A second wave – a different challenge

The modelling undertaken and the measures implemented by pharmaceutical manufacturers helped to assess and ensure the security of supply of vital ICU medicines during Covid-19's initial surge across Europe.

However, the clear message from the industry is that a fresh plan is needed now to address the potential impact of a second wave of the virus. This is because, they warn, the situation could be different.

Firstly, as Covid-19 is now a truly global pandemic, it means the ability of European manufacturers to tap into supplies from other parts of the world, as they were able to during this initial phase, may not be possible during a second wave. Re-importing may not be possible, and real challenges arise in replenishing not possible perhaps and also need to replenish Europe's stock of active pharmaceutical ingredients (APIs) which have been run down during the ongoing supply surge.

In any event, modelling for a second wave is much more challenging as countries take different approaches and move at different paces to easing lockdowns and getting economies back up and running, with the risk that doing so will expose more people to the virus.

Modelling for a second wave is much more challenging as countries take different approaches and move at different paces to easing lockdowns and getting economies back up and running, with the risk that doing so will expose more people to the virus.

Some countries are also imposing export bans and/or hoarding stocks, putting equity of access to medicines at risk. The flow of essential supplies across borders could be disrupted as a result of this, making it harder for industry to help with getting the right products to the rights hospitals at the right time.

Targeted competition and regulatory relaxations will need to be maintained to ensure industry can coordinate where needed, and that production levels can be bolstered to meet another demand surge. Yet, new financial mechanisms will need explored if manufacturers are to be expected to sustain factories with larger capacity than is needed for normal market demand given that the commercial model entailed in this is unsustainable.

These fresh challenges require a shared plan by government and industry.

How the future might look

The longer term impact on the way that Europe's pharmaceutical companies operate will be shaped by the fallout from the Covid-19 crisis.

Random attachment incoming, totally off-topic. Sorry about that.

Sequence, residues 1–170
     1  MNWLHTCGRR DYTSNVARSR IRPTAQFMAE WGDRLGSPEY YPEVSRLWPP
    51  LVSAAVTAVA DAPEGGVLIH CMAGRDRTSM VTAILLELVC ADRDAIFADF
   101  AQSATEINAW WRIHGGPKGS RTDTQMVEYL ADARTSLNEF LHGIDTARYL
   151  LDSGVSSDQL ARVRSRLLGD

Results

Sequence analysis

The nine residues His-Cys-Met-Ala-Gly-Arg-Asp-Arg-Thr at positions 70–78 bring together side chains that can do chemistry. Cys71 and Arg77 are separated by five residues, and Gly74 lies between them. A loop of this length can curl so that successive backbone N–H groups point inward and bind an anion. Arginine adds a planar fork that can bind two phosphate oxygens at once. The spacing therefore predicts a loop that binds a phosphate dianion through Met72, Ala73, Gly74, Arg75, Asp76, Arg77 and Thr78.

We can expect biopreparedness to be higher up the political agenda and for this to be reflected in how industry is readied for another health crisis. Europe's strategic autonomy is on the forefront of the EU's agenda, with the potential for supply chains to be shortened and more localised. Some procurement systems – which favours just one manufacturer supplying products into distinct regions – could also be revisited to boost competition and potential production levels.

However, while lessons will be learned from the Covid-19 pandemic, the blueprint for managing a public health emergency will not be suitable for delivering new treatments required in the future.

Flexibility in the competition regime is unlikely to be granted to support the development of treatments for coronary diseases, for instance, and while fast-track procedures might be developed to better support and incentivise the development of new antibiotics, for example, rules on safety and efficacy will remain paramount and will restrict just how far regulatory relaxations can go.

A robust European ecosystem for research and development (R&D) will remain essential, underpinned by a fair intellectual property rights framework that protects investment in medical research and allows Europe to meet the challenges faced by patients and health systems, competing with other regions like China and the US in the development of new medical technologies. New mechanisms for incentivising R&D could be explored, perhaps to encourage more repurposing of existing molecules as much as the development of entirely new products.

These are some of the issues which governments, regulators, industry and patient groups will need to reflect on when the Covid-19 crisis eventually subsides. We are keen to hear from others in the industry on this topic and to continue to foster discussion in future articles and webinars.